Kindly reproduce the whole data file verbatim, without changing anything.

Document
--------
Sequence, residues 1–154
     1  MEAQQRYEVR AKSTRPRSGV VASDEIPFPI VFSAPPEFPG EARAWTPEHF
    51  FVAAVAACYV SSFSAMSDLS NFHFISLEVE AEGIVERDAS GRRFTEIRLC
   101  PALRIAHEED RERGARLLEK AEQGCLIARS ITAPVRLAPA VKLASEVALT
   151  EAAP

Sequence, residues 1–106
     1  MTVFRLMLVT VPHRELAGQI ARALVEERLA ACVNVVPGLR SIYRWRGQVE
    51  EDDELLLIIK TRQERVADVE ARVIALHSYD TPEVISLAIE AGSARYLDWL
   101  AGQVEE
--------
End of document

Sequence, residues 1–154
     1  MEAQQRYEVR AKSTRPRSGV VASDEIPFPI VFSAPPEFPG EARAWTPEHF
    51  FVAAVAACYV SSFSAMSDLS NFHFISLEVE AEGIVERDAS GRRFTEIRLC
   101  PALRIAHEED RERGARLLEK AEQGCLIARS ITAPVRLAPA VKLASEVALT
   151  EAAP

Sequence, residues 1–106
     1  MTVFRLMLVT VPHRELAGQI ARALVEERLA ACVNVVPGLR SIYRWRGQVE
    51  EDDELLLIIK TRQERVADVE ARVIALHSYD TPEVISLAIE AGSARYLDWL
   101  AGQVEE